Likewise, Mpumi Makhubu, manager, e-FX products at Standard Bank, says that the increase in the number of clients that are trading electronically has naturally prompted and increased demand for more efficient pre- and post-trade services, and to achieve this, the bank has looked towards new technology.
“Clients expect post-trade services such as STP, and the provision of post-trade analytics for some transactions. Further to this, the traditional sales model has changed on the back of technological advancement in FX, where far fewer clients are relying on the dealing desks to execute trades on their behalf. This means sales teams and dealing desks also need technology that will enable them to have meaningful pre-trade conversations with high touch clients, such as providing guidance around best times and methods used to execute their trades, and guidance around TCA and best execution,” she says.
Returning to Ashworth’s point about the potential for disruptive providers to provide new FX solutions to emerging markets, some bankers certainly point to the influence of fintech firms in their e-FX build out.
The e-FX head at the Asian bank says that their firm has looked to fintechs to provide it with advanced technology and “real innovation”, enabling them to focus more on customer demands, trading strategies and the changing market regulations.
Meanwhile, a senior figure at one Mexican bank says that one of the advantages that they have found working with fintech firms is that they are able to provide them with more flexible and bespoke technology solutions for their market.
Indeed, Makhubu echoes the importance of factoring in local nuances when implementing technology in different markets.
“Often, technology is developed and tested with more developed and liquid markets in mind, and then provided to market makers in less liquid markets without factoring in their nuances. Technology can enable regional banks to be more effective by considering the contexts and nuances in which these market makers operate. Assumptions made from developed markets such as low latency, and deep liquidity need to be revised for these markets, and more focus should be placed on ensuring technology enables stability and agility,’ she explains.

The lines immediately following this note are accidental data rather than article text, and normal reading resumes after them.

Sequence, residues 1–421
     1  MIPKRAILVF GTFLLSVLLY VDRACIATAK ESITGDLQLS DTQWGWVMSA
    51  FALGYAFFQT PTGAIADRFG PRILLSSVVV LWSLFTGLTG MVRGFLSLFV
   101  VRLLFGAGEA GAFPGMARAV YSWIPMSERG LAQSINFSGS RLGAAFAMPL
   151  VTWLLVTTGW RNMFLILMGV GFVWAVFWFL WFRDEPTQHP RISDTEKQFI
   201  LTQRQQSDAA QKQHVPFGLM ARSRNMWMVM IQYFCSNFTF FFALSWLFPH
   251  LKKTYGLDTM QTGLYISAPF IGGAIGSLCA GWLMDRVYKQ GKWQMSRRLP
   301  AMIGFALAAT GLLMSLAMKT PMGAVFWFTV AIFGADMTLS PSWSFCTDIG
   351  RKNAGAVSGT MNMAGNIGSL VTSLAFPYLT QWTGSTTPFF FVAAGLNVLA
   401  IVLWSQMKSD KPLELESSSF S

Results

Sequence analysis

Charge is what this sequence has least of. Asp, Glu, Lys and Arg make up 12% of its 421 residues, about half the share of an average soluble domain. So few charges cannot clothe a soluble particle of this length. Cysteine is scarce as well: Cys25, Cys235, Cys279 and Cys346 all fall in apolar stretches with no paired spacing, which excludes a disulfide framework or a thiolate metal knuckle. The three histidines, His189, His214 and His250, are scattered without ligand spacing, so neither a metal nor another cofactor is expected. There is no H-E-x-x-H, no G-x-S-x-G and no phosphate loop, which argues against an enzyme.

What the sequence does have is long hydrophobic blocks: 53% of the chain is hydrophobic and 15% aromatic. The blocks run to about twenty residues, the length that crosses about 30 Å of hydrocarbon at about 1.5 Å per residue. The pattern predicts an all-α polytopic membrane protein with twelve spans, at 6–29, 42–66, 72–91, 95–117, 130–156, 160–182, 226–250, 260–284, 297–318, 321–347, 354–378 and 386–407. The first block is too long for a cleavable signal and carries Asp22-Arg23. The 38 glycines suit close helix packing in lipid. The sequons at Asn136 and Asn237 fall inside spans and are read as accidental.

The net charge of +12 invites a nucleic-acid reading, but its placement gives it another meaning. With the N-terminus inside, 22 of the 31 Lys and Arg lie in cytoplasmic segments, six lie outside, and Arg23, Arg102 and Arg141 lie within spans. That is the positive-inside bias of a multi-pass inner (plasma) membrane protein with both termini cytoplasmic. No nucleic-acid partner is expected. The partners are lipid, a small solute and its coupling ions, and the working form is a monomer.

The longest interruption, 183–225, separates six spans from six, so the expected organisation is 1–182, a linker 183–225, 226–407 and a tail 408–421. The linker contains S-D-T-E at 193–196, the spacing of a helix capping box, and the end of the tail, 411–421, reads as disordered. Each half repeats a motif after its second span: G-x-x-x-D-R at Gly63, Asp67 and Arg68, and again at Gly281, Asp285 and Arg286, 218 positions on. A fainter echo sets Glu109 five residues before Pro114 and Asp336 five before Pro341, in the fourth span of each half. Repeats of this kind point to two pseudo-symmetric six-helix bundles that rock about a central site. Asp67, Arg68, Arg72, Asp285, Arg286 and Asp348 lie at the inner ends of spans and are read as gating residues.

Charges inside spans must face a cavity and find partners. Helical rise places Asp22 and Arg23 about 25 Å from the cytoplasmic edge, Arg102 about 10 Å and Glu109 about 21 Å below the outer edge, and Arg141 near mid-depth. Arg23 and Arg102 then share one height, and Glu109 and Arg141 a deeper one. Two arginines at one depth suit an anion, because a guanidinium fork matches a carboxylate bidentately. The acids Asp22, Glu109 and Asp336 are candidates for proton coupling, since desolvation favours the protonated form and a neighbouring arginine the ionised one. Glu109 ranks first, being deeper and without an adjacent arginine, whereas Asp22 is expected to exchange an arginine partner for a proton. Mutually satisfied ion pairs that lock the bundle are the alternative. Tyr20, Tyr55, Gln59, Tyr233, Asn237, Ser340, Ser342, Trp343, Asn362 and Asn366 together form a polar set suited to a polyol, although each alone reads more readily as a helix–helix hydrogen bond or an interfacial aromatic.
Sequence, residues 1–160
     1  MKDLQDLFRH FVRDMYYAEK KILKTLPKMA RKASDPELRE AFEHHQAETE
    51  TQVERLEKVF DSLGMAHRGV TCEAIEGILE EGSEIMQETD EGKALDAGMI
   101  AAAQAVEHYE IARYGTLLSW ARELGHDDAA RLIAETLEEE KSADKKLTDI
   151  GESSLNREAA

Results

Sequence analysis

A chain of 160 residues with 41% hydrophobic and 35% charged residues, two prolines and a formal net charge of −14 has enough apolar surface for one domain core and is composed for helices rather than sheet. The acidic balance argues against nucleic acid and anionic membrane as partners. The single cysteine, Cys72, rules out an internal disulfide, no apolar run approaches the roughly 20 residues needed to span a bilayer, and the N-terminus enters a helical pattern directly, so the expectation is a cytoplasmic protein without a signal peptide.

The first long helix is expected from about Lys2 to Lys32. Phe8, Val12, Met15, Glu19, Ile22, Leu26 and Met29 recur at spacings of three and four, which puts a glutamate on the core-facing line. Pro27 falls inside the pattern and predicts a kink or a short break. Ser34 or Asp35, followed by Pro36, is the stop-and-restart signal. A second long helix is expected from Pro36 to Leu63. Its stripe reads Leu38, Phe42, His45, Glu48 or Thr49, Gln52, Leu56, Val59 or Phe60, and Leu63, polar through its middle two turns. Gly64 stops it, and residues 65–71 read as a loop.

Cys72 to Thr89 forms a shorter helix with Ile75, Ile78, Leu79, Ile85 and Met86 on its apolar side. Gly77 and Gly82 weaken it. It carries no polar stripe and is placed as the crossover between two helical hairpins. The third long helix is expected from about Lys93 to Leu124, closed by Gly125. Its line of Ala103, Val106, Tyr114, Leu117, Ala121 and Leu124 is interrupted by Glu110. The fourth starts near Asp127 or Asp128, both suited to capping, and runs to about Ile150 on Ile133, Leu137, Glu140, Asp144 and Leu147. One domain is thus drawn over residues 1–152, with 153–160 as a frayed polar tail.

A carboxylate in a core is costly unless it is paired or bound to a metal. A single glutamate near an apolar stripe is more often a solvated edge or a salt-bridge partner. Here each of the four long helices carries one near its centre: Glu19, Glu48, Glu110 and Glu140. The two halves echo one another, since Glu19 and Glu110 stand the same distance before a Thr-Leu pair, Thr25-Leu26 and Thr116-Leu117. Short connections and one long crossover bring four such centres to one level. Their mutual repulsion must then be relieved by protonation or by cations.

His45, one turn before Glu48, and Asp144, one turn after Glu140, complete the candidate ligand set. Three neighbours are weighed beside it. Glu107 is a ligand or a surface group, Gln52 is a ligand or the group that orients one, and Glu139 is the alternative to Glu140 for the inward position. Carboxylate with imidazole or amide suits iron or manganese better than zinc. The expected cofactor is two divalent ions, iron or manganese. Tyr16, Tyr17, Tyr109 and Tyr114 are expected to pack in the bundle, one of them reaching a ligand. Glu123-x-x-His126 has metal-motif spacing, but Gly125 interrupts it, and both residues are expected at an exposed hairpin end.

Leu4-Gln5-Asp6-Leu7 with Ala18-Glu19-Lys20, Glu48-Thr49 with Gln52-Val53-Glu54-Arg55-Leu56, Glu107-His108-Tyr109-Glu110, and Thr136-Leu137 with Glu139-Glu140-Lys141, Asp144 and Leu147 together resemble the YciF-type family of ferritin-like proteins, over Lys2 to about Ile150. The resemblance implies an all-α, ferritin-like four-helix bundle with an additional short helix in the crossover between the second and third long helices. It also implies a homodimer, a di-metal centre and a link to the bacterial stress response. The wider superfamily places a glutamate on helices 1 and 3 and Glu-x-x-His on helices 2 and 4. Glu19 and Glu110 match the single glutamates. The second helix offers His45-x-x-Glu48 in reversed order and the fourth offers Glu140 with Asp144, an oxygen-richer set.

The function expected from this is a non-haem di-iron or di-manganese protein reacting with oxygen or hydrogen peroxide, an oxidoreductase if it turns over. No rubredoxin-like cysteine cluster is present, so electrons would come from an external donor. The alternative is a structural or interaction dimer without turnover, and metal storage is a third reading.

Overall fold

Implementing new technology in more emerging markets is not without its friction points though. Some of these are internal – at a Profit & Loss Latin America conference in Mexico City, a representative of one bank once explained that part of the challenge for them to introduce any new technology was that they had to sell it to the people above them who write the cheques and are often reluctant to do so for technology that is unproven within the bank; as well as the sales people below them, who are concerned that the introduction of technology will erode their relationships with clients and render them obsolete.
“That issue is never going to disappear,” concedes one technology provider that operates in the Latam region. “Just the initial onboarding and getting everything signed off is always going to remain a challenge. But what you have to do is just demonstrate the value-add of the technology and and the cost savings it can achieve and then it can become a very compelling case for these banks.”
Other challenges are external. The e-FX head in Asia cites “everchanging regulation” as a major friction point for them with regards to implementing new technology. In addition, they highlight the difficulties associated with finding the right technology talent, particularly at a time when employers are facing increased competition from non-banks, fintechs and other banks.
For Makhubu, one challenge that Standard Bank has faced is the ability to influence quicker adaptation to new ways of working and quicker adoption of new technologies. The bank has implemented a “modularised” approach to sourcing or building the technology it needs, in most instances opting for technology that is customisable.
The advantage of this is that it has enabled the bank to build its e-FX business based on its requirements for efficient sourcing of liquidity, price formation, optimal distribution, and finding the most efficient risk management tools considering its context and the nuances of its local market. The downside is that this modularised approach has meant that integrating these new technologies has been challenging and costly.